The first time I ever read a novel cover to cover was at twenty-three years old. I was working on the Alyeska Pipeline. More correctly, I was employed because there was little work involved beyond the one-hour drive from Glennallen Camp to the Sourdough Pipe Yard and then the drive back. There were twelve hours in between dedicated to providing security for forty miles of 48” pipe with wall thickness of about an inch and one-half, which were cut into eighty-foot-long sections and required two huge cranes to lift a single section onto two trucks for hauling off at about a top speed of 20mph.
Normally, that would have been an interesting job, but at the time I was there, none of that action was going on. The pipe was just sitting there. In the summertime, the area was blanketed by mosquitoes, but in February, it was blanketed by snow and the constant temperature of fifty-five degrees below zero—keeping the mosquito problem to a minimum. It also discouraged an even leisurely trip to the Porta-Potty.
At the time, I did not know that I had a learning disability; teachers and friends, and even I, just thought I was a slow reader, poor speller, and lousy at math. I had never heard of dyslexia. After that first twelve-hour shift, I knew I needed something more exciting than watching the Northern Lights or the black spruce trees grow. The first being unreliable; and the other, boringly slow.
Back in camp after breakfast, I found the camp library: a three-foot high, three-shelf bookcase—with most of them filled with paperback books. I, having never really read a book before, didn’t want to start with anything too challenging and settled on the skinniest one I could find: a western novel by Louis L’Amour. It took me two twelve-hour shifts to read it, but I liked it. And, as luck would have it, a majority of the books in our library were forty or so of his novels.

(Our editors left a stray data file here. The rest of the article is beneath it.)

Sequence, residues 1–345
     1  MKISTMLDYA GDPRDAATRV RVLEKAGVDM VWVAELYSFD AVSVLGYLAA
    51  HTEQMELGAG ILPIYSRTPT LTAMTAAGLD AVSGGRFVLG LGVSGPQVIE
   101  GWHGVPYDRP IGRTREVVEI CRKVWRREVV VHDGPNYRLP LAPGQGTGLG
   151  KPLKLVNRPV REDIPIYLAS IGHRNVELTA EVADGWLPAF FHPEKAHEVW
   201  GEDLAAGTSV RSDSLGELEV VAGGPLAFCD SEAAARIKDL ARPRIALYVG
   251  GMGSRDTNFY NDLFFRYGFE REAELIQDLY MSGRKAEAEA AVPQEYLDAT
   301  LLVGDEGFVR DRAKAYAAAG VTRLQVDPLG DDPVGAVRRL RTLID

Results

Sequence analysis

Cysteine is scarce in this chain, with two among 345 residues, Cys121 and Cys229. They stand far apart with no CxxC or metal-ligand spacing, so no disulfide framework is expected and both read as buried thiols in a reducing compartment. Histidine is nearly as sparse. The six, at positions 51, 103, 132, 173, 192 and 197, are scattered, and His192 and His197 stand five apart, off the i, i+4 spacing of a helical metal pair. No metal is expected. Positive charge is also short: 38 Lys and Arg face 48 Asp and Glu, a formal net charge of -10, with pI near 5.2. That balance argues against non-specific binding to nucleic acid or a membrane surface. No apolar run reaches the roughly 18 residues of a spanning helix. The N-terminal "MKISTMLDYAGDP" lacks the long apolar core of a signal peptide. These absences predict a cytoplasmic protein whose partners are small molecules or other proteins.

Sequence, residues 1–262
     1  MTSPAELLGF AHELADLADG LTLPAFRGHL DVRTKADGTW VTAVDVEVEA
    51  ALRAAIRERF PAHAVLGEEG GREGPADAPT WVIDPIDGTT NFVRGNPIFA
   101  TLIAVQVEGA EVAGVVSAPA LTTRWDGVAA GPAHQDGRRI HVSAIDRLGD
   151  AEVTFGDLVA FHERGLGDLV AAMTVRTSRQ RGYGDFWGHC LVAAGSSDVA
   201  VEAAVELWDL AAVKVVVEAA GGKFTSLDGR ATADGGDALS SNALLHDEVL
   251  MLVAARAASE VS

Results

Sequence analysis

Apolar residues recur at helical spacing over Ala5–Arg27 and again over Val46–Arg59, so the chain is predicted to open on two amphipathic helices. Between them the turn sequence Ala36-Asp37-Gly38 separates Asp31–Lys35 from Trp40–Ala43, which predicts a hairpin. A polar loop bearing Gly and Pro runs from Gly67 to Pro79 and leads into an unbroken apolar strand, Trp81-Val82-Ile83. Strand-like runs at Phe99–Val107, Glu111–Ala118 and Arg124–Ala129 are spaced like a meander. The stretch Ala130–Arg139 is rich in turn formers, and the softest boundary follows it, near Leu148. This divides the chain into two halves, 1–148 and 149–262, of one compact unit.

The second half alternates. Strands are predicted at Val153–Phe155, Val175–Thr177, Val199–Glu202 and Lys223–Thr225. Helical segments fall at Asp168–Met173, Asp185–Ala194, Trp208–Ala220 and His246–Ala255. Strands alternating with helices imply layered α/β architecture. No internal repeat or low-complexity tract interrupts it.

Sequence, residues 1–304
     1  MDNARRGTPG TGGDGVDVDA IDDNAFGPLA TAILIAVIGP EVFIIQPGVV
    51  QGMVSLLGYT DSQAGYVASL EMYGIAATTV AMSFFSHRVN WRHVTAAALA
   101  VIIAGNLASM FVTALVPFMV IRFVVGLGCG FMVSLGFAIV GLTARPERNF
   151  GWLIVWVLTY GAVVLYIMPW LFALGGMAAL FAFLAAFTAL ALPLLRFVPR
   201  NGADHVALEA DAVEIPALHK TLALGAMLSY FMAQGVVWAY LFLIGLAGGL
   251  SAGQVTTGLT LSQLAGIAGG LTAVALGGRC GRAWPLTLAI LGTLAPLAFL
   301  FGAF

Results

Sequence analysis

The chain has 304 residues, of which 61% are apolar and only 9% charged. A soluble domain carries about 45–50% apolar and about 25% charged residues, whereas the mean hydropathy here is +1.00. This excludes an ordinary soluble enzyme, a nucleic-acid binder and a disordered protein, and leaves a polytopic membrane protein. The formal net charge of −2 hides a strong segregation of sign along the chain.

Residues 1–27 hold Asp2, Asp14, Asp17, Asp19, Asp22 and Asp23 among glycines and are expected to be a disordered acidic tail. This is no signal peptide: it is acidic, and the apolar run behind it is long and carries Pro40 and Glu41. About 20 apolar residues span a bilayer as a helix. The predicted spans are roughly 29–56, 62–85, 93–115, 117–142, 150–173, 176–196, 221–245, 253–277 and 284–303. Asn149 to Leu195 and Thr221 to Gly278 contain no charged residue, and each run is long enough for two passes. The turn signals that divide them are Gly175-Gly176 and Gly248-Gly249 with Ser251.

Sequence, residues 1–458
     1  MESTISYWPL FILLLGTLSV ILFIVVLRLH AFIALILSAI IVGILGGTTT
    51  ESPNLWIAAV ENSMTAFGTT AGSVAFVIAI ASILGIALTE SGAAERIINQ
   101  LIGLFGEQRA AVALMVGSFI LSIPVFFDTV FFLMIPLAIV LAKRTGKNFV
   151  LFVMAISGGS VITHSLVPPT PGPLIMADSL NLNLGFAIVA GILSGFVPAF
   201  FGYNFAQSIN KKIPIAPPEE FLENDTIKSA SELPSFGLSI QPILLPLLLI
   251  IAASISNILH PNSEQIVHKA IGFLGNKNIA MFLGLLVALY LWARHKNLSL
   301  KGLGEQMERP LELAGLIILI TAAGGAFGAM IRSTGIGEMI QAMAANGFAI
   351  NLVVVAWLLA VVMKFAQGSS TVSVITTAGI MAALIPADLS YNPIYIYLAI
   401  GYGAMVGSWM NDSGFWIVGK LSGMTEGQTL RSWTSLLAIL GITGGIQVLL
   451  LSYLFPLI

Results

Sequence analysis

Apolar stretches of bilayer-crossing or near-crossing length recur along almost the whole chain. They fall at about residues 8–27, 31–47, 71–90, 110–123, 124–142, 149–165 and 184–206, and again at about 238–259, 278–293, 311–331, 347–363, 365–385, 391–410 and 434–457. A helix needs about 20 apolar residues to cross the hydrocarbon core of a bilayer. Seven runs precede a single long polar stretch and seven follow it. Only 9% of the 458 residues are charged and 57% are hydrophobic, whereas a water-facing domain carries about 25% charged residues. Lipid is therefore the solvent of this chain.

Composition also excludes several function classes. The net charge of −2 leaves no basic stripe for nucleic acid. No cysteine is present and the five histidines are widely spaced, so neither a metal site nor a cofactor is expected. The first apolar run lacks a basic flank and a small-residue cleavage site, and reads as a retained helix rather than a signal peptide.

I eventually read every book on the shelves, which turned out to be far more than it appeared, as people kept returning books and getting new ones. But I was a fan of Louis’s novels and read everything he wrote that I could get in my hands. I credit his writing skill with teaching me not only to read, but to love reading—and for the hundreds, if not thousands, of books I have read since. Not to mention, kindling the flame to one day write a book of my own. I will dedicate my first book to his memory, and he will get a mention in any book I ever write.
A dear friend of my wife’s, Deirdre Callanan, is one of the most encouraging, positive people I have ever had the privilege to know. She is an amazing writer in her own right, and after reading my manuscript for Escape from Playa Del Carmen, she mentioned it in comparison to Lee Child’s books about Jack Reacher. I have to admit, at the time, I had no idea who Lee was and had not read any of his Jack Reacher novels.
Since that time, I have remedied that by reading his book Night School. I have also become a fan and plan to get caught up on his Jack Reacher series before his next release. Those who don’t like to read can catch them on the big screen where Reacher is played by Tom Cruise.